Because my big, excellent looking copy just arrived in the post...From the NY Times 1983: A PEOPLE BETRAYED November 1918: A German Revolution. By Alfred Doblin. Translated by John E. Woods. 642 pp. New York: Fromm International Publishing. Cloth, $19.95. Paper, $10.95.WHEN Alfred Doblin, high on the Nazi hit list, fled Germany in 1933, he was one of the country's best-known authors, a serious contender for the Nobel Prize. He returned in 1945, an unwelcome revenant and all but forgotten; ignored for the rest of his life, he was unable even to find a West German publisher for what turned out to be his last novel. His death in 1957 went virtually unnoticed. It took 20 years and a new generation to rediscover him. Today most of his books are back in print, the body of his work is being academically dissected, and in a moving tribute to him prefaced to this novel, Gunter Grass speaks of ''the gratitude a pupil feels toward his teacher.''As a practicing neuropsychiatrist whose doctoral dissertation dealt with memory disturbances among psychotics, Doblin should not have been unduly baffled by the vagaries of fate and fame. Born in Stettin in 1878 of Polish-Jewish parents, he had a brief, traumatic childhood that ended when his father, a tailor, ran off to America, leaving the mother nearly destitute and with five small children to support. She sought refuge in Berlin, and the dire poverty in which Doblin grew up made him a lifelong champion of the poor, his one and only consistent ideological commitment. He worked his way through school, became a doctor and from 1911 until his flight in 1933 practiced medicine in a Berlin slum district, with time out for service in World War I.Through it all he wrote - incessantly, compulsively, in classrooms, hospitals, between patients, at the front. His offbeat stories stirred the avant-garde, but among the public at large he first made his mark as a novelist. ''The Three Leaps of Wang-Lun,'' published in 1915, was acknowledged by Bertolt Brecht and later by Grass as a significant influence on their work. It won two prestigious literary prizes and was followed by a prolific outpouring that included epic novels, polemics and reporting, culminating in the 1929 best seller ''Berlin Alexanderplatz,'' an immense success with the critics and the public.Three years spent among the dead and dying on the Western front, however, had turned Doblin's visceral horror of militarism, power and privilege into political passion, and he ardently welcomed the overthrow of the Kaiser in the brief 1918 revolution. But his initial enthusiasm quickly turned to rage as he watched the new leaders sell out their followers and reinstate the same cabal of bunglers and assassins that had engineered the war. With a savagery that defied party politics - he remained an unaffiliated radical, a self-styled anarchist - he fought the Weimar Republic's drift into dictatorship until his worst fears came true and he found himself forced to flee for his life.It was the bleak despair of exile and defeat that made him look back to November 1918, that fleeting moment of hope when Germany's fate - and, as it turned out, that of the world - hung in the balance. What was it that tipped the scales? That question he set out to explore in the epic trilogy ''November 1918,'' of which this volume contains the first two parts (called here ''A People Betrayed'' and ''The Troops Return''). A novelist's view of history, it deals not with issues and forces but with human beings forced to make choices. And while the stress on individual guilt and responsibility may seem simplistic, it results in one of the most graphic accounts ever written of what led from Weimar to Auschwitz.THE first volume, completed in Paris before World War II, is a panoramic vision of disaster and betrayal that blends realism and fantasy to stunning effect. Its structure evokes John Dos Passos' ''U.S.A.'' - a nexus of multiple destinies, traced in brief segments and intercut with camera-eye views of history being unmade, an almost hour-by-hour log of 10 days that failed to change the world. The portraits of the Social Democratic leaders - Friedrich Ebert, Gustav Noske and Philipp Scheidemann - are etched in acid, but Doblin does not spare their opponents. Though openly siding with the left opposition led by Karl Liebknecht and Rosa Luxemburg, he finds them fatally flawed by indecision; revolution is no job for esthetes.In fact, what he implies - and what his rather wayward caricature of Karl Radek, who was sent by the Soviet Communist Central Committee to lead the German Communist movement, spells out in so many words - is that the German revolution failed because there was no Lenin to guide it. This debatable proposition foreshadows Doblin's own yearning for authority, for a fixed point of reference in the midst of mounting chaos. And since in the end even Lenin proved mortal, the need for less fallible guidance must have suggested itself with an inner logic, though Doblin resisted it for some time. ''The Troops Return'' seethes with the soul struggles of the agnostic Jewish radical reluctantly yielding to the appeal of Christian socialism. Doblin's skill at conveying the drama of mass action remains unimpaired, but the focus increasingly shifts to the fictional protagonist, a hallucinating and suicidally depressed war veteran. Torn by doubt and self-hatred, haunted by Satan's argumentative emissaries, he is ultimately saved by the apparition of Johannes Tauber, a saintly 14th-century mystic whose spirit leads the veteran to Christ.This second volume took several years to complete, its writing interrupted by the outbreak of World War II, the author's flight to the United States, and personal tragedy: One of his sons was killed in action with the French. Doblin spent the war years in Hollywood, where he proved unequal to the exalted literary standards of the movie industry and was eventually reduced to living on the charity of his more prosperous fellow exiles. In 1941 he formally converted to Catholicism. Four years later he returned to Germany as head of a French mission charged with re-educating the defeated populace. Bent on practicing his newfound faith, he preached forgiveness rather than vengeance, but his call for humility and prayer succeeded in the end in antagonizing friends and enemies alike.The final volume of his trilogy, ''Karl and Rosa,'' published in 1950, reflects his own spiritual about-face. It charts the bloody finish of the revolution, marked by the murder of Liebknecht and Luxemburg, but the emphasis shifts to more transcendental concerns. The hero, defying his own hard-won principles of Christian pacifism, joins the armed uprising of the Spartacist rebels and atones for it by renunciation and martyrdom. Doblin, in effect, revised the message of the book: The revolution failed, not - as he initially set out to prove - because it was carried out by Germans, by a Liebknecht rather than a Lenin, but because it was bound to fail. The true revolution can only take place in the hearts of men.The present English version, handsomely produced and splendidly translated, does not include ''Karl and Rosa,'' which lacks the rich and evocative vitality of the earlier sections. Literary judgment may justify the decision to delete it; moral judgment must take issue, since the omission significantly distorts the author's final intent. Even in this truncated version, however, ''A People Betrayed'' is a brilliant work by a major writer who grappled with the roots of darkness in our time.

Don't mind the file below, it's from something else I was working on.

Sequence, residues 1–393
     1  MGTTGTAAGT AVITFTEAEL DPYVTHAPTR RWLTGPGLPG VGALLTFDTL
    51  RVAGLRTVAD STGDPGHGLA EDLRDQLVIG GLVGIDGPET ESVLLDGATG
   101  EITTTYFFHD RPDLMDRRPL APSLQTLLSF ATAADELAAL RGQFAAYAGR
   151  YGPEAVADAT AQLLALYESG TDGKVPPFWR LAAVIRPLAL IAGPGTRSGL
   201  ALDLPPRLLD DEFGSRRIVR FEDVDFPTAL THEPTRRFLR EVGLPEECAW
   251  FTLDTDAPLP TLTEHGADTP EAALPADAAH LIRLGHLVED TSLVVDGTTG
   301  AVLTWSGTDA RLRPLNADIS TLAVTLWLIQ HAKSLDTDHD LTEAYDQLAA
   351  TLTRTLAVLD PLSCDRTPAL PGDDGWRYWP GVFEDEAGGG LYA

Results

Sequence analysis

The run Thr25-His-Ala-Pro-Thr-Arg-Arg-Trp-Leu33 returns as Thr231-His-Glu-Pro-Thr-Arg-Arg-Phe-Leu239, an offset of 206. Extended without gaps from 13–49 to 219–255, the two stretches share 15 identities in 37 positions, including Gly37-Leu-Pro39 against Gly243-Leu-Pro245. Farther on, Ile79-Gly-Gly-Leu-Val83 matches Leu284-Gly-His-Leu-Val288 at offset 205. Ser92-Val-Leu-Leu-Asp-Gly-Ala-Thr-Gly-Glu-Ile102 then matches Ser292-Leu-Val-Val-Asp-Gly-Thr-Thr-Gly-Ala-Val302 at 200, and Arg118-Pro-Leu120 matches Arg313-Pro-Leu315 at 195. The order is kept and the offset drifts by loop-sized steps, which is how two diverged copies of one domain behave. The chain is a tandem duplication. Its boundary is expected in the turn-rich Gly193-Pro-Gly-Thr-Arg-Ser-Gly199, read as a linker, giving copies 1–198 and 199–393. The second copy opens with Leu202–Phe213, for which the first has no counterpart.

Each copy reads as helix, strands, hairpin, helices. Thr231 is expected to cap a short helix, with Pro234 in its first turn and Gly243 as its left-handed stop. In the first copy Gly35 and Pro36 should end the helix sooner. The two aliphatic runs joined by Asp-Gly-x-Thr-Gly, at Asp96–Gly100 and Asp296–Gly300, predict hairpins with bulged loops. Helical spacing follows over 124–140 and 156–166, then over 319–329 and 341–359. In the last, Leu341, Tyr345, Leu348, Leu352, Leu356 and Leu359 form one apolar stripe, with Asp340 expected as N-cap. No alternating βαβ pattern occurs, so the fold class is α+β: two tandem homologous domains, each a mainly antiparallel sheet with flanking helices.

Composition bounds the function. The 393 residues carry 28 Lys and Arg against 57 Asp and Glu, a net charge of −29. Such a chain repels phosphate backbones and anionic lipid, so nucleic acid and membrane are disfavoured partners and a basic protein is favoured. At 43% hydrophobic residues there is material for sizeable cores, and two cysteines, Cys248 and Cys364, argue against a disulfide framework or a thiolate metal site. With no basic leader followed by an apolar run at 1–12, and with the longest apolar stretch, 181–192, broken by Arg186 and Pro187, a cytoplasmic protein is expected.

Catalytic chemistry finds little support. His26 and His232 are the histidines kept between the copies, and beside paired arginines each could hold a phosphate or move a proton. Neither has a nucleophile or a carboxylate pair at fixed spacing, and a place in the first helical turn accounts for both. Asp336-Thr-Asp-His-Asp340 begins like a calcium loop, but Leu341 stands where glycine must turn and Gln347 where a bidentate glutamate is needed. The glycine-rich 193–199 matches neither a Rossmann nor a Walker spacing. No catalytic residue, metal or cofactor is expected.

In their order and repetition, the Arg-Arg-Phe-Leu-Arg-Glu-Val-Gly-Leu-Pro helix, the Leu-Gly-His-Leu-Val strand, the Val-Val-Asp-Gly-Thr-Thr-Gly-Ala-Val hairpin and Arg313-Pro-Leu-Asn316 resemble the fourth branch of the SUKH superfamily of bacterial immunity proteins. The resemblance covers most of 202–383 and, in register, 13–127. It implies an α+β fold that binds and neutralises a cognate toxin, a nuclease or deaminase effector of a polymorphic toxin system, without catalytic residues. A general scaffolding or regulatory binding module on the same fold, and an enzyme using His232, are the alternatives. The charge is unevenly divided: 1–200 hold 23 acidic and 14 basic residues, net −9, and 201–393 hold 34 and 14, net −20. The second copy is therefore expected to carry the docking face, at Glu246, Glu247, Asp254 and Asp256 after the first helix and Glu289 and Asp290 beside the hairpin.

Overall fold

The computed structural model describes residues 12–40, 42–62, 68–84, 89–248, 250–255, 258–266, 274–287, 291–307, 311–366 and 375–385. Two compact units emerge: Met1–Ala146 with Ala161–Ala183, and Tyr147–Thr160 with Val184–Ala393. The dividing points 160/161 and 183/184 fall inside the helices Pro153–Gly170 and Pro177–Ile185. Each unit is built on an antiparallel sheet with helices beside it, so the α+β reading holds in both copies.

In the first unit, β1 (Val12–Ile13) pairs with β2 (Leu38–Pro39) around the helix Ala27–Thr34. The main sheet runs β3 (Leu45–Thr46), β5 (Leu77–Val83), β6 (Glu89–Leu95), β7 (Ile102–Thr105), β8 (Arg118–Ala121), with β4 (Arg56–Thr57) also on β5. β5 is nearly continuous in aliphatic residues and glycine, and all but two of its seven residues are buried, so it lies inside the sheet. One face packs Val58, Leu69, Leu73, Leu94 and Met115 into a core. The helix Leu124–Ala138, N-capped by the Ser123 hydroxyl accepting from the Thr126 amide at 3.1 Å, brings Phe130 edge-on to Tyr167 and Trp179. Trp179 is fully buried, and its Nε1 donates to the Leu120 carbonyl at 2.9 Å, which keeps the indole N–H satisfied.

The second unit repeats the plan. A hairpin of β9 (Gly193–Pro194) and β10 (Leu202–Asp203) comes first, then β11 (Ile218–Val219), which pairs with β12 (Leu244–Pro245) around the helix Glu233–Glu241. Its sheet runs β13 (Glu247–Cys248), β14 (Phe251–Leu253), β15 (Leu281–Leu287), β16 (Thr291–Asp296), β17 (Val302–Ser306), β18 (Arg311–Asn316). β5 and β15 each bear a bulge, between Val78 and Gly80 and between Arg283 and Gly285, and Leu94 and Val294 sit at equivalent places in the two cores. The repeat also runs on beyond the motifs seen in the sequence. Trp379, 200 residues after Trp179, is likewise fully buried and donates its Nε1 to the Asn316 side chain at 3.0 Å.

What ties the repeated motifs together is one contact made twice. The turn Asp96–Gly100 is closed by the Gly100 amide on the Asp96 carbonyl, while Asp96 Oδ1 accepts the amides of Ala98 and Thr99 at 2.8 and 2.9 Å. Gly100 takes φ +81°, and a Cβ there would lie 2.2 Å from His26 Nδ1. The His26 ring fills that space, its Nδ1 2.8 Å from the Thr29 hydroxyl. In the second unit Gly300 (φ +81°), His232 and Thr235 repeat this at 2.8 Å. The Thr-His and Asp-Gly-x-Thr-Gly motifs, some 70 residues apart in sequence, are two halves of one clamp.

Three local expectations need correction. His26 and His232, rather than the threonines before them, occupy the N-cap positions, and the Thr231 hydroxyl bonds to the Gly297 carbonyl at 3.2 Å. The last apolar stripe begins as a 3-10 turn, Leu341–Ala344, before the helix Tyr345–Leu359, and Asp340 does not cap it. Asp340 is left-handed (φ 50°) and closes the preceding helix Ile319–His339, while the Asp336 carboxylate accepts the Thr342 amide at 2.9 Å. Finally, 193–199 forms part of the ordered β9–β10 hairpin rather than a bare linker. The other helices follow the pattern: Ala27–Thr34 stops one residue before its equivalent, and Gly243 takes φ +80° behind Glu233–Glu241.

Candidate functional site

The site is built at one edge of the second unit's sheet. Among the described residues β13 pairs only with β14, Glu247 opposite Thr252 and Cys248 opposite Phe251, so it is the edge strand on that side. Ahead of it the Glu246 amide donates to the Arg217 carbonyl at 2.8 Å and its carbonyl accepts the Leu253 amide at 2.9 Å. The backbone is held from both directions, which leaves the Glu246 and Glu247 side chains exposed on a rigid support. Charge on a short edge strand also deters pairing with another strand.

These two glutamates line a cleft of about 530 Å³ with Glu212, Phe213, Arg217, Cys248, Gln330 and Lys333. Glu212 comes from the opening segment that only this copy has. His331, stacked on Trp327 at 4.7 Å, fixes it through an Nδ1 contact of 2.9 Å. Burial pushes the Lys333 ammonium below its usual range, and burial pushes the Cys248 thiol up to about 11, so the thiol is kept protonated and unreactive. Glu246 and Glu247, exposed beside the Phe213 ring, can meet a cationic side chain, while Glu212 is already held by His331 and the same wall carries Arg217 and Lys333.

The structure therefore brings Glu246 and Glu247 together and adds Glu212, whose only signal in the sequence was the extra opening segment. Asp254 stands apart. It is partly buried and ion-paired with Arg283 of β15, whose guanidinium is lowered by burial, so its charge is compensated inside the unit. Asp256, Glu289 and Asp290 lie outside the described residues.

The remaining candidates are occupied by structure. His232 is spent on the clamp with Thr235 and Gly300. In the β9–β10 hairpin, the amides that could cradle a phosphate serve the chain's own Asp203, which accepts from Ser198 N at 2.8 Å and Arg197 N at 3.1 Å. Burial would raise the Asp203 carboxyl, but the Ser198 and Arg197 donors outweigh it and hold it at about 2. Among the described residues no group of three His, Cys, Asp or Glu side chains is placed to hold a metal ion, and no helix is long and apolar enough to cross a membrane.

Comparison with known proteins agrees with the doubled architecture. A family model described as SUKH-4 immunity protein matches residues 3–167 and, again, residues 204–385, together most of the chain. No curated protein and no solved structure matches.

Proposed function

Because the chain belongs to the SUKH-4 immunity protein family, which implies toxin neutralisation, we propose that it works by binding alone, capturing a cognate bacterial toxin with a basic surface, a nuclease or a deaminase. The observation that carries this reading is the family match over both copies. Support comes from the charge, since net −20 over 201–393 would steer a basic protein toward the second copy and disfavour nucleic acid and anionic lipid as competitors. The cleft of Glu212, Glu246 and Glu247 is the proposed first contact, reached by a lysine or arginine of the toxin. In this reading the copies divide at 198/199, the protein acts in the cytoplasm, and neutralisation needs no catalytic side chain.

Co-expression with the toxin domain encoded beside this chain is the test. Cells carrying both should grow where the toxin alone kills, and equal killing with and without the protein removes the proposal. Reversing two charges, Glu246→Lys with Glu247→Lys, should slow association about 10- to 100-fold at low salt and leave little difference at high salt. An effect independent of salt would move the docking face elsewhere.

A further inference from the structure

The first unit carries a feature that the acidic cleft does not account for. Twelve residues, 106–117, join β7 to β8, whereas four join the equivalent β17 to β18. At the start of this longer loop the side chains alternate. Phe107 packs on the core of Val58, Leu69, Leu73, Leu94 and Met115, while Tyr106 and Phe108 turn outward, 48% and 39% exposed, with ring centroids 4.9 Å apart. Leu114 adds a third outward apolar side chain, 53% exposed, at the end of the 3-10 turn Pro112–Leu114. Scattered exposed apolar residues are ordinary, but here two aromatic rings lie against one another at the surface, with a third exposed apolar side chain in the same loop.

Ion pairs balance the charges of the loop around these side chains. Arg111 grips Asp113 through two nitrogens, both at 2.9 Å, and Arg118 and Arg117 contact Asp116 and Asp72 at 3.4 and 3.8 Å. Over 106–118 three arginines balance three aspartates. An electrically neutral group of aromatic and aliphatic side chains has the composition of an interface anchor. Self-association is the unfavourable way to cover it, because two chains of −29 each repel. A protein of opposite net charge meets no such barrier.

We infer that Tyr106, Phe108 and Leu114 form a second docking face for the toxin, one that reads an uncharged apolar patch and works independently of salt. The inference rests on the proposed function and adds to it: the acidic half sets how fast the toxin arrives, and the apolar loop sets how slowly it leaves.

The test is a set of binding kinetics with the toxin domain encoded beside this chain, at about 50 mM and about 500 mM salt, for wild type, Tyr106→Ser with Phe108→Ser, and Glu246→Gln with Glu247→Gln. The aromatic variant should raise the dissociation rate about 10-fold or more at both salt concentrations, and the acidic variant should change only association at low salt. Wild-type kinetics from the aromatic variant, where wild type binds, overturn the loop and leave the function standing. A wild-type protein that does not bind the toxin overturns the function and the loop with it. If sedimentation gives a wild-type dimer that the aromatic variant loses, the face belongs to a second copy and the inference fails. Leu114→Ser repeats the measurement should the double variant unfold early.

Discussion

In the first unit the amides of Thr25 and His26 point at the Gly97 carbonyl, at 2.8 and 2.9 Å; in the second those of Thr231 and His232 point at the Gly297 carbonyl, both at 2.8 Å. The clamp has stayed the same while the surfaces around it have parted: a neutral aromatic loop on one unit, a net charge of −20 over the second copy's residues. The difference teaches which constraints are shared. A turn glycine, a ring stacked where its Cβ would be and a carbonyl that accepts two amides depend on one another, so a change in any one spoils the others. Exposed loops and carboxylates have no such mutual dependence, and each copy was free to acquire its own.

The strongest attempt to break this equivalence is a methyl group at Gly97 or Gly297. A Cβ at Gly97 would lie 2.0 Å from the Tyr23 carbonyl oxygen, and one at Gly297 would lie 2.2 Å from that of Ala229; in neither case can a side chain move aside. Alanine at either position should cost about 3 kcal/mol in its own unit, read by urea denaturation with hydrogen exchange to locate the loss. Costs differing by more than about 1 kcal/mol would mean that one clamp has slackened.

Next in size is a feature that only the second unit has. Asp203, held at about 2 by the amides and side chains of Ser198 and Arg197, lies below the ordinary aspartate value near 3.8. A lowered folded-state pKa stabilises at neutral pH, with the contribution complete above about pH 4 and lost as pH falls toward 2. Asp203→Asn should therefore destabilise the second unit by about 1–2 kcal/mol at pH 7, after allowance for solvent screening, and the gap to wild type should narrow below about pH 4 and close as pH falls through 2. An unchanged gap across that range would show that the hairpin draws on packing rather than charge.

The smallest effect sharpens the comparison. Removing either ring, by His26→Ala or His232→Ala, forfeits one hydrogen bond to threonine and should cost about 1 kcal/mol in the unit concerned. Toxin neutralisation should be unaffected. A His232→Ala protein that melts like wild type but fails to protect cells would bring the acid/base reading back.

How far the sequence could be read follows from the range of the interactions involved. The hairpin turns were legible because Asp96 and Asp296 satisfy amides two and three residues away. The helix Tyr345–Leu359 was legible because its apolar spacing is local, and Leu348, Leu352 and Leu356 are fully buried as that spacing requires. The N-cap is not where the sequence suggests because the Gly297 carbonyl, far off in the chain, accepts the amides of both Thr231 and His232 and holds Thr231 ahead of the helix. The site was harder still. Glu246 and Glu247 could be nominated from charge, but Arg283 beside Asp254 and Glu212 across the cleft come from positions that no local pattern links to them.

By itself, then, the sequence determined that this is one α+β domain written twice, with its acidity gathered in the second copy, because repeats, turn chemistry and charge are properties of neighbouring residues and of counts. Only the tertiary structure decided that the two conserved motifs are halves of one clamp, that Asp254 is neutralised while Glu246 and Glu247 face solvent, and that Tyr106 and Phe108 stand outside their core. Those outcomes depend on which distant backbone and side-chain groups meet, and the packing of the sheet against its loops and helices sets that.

Like Celine, Alfred Doblin was a doctor, and a keen observer of the urban malaise of Europe in the 1920s. Unlike Celine, he lived with German nationalism and was immune to its dubious charms. "A People Betrayed" takes place during the German Revolution of 1918, following the abdication of Kaiser Wilhelm. The Social Democrats took power, balancing between the defeated Army that was returning from the front and the more radical Spartacist League of Rosa Luxemborg. Luxemborg has a cameo, and other historical figures have fuller roles: General Hindenburg (he of the Weimar Republic), Karel Radek, the Russian emissary later murdered by the Stalinists, a passel of Social Democratic politicians, even Woodrow Wilson. Doblin sought to humanize this immense novel by bringing to life some ordinary victims of the time, a soldier with PTSD, a nurse, a revolutionary-turned-businessman, various lowlifes who would take pleasure fighting it out with Franz Biberkopf of Doblin's "Berlin Alexanderplatz." It's the larger set-pieces that are memorable: the demonstrations and rebellions, Wilson's struggle for the League of Nations, the machinations of the Social Democrats, their essential and unstable relationship with the military, the return of the soldiers. Vivid as they are, none of the minor characters stays on the stage long enough to command it (with the exception of the soldier with PTSD, who seemed to me to be on stage too long). This is a novel lost in its own sweep; its minor characters could use a little of the ferocity with which Biberkopf tries and fails to have a place in the city.